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Stephen Watt [5]S. J. Watt [1]Sandra F. Watt [1]S. Watt [1]
Susan Watt [1]Stuart Watt [1]
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Profile: Stephen Watt (Open University (UK))
Profile: Siven Watt (Birkbeck College)
  1. Stephen Watt (2009). A Theory of Virtue – Robert Merrihew Adams. Philosophical Quarterly 59 (234):184-186.
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  2. Stephen Watt (2006). Collegial Propositions. Symploke 13 (1):18-29.
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  3. Stephen Watt (2005). Notes on a" Classic". Symploke 12 (1):265-268.
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  4. A. R. Girshick, K. Akeley, S. J. Watt & M. S. Banks (2004). Improved Stereoscopic Performance with Consistent Vergence and Accommodative Cues in a Novel 3-D Display. In Robert Schwartz (ed.), Perception. Malden Ma: Blackwell Publishing. 42.
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  5. Stephen Watt (2004). Philosophy and Power in the Graeco-Roman World. International Philosophical Quarterly 44 (1):124-126.
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  6. Stephen Watt (2003). Review of John Kekes, The Art of Life. [REVIEW] Notre Dame Philosophical Reviews 2003 (6).
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  7. Gina Browne, Jacqueline Roberts, Amiram Gafni, Carolyn Byrne, Robin Weir, Basanti Majumdar & Susan Watt (1999). Economic Evaluations of Community‐Based Care: Lessons From Twelve Studies in Ontario. Journal of Evaluation in Clinical Practice 5 (4):367-385.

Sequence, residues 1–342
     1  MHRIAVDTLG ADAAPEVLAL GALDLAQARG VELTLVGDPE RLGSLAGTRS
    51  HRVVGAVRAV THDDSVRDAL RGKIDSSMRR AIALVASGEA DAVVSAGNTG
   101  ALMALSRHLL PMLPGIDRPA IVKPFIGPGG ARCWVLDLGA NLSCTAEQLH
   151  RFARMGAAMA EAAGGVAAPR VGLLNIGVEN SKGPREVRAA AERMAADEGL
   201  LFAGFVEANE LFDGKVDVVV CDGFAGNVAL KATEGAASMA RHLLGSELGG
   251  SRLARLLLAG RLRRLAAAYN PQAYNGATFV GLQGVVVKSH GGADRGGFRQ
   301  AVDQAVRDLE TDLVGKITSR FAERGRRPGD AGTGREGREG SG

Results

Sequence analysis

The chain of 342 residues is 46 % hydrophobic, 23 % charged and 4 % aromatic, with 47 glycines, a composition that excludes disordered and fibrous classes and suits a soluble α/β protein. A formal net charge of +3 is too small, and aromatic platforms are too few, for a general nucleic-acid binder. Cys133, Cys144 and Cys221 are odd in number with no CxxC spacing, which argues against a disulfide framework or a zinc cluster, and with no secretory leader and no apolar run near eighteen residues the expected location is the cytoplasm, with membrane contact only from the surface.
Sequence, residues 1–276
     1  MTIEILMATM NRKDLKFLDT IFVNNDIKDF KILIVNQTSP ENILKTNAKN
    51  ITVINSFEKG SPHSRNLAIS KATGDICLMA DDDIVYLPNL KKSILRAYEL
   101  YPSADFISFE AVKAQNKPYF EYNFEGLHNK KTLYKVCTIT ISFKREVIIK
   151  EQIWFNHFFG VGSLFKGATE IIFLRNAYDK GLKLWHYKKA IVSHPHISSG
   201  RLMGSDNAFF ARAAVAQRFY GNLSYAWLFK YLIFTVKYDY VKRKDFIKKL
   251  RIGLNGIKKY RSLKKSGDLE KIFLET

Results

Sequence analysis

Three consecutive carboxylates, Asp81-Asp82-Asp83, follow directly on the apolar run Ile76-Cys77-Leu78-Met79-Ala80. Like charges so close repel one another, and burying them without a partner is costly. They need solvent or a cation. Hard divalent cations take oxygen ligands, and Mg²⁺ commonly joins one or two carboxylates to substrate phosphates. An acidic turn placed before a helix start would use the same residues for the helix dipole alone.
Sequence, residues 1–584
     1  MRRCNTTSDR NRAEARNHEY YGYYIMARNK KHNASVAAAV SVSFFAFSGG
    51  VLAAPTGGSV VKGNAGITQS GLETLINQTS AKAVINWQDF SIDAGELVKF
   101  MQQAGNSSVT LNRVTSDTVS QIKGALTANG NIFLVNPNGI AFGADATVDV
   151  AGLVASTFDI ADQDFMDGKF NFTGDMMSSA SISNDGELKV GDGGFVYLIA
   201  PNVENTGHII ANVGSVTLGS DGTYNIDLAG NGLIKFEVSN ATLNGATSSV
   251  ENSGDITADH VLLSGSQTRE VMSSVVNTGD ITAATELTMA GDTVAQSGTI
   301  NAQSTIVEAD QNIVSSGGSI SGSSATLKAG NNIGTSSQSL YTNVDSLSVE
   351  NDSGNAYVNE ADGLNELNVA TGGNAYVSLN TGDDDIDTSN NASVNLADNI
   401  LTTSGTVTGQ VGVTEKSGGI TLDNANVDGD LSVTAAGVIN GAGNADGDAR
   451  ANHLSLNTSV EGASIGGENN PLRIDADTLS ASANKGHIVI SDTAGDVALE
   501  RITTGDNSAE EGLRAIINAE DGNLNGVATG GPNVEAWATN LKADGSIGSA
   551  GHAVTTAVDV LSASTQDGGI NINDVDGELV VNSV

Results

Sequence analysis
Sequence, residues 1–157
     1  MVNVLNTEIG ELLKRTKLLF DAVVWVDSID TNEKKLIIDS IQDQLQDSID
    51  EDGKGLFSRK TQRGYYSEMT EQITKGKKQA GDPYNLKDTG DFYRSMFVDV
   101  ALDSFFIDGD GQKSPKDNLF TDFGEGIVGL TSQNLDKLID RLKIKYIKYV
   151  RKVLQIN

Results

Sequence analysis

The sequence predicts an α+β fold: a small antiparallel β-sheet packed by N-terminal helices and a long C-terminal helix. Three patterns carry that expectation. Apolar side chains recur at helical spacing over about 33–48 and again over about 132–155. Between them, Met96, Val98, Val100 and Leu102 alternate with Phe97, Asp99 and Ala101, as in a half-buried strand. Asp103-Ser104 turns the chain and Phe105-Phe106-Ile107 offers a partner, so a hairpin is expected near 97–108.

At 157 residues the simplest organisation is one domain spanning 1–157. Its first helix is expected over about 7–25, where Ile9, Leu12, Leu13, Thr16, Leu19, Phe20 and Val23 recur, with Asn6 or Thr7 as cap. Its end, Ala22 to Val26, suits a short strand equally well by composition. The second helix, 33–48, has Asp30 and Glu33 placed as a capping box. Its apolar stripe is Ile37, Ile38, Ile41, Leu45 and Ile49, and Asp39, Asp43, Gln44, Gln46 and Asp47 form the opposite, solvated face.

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  8. Stuart Watt (1997). The Lion, the Bat, and the Wardrobe: Myths and Metaphors in Cognitive Science. In S. O'Nuillain, Paul McKevitt & E. MacAogain (eds.), Two Sciences of Mind. John Benjamins. 9--51.
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  9. S. Watt (1996). Naive Psychology and the Inverted Turing Test. Psycoloquy 7 (14).
    This target article argues that the Turing test implicitly rests on a "naive psychology," a naturally evolved psychological faculty which is used to predict and understand the behaviour of others in complex societies. This natural faculty is an important and implicit bias in the observer's tendency to ascribe mentality to the system in the test. The paper analyses the effects of this naive psychology on the Turing test, both from the side of the system and the side (...)
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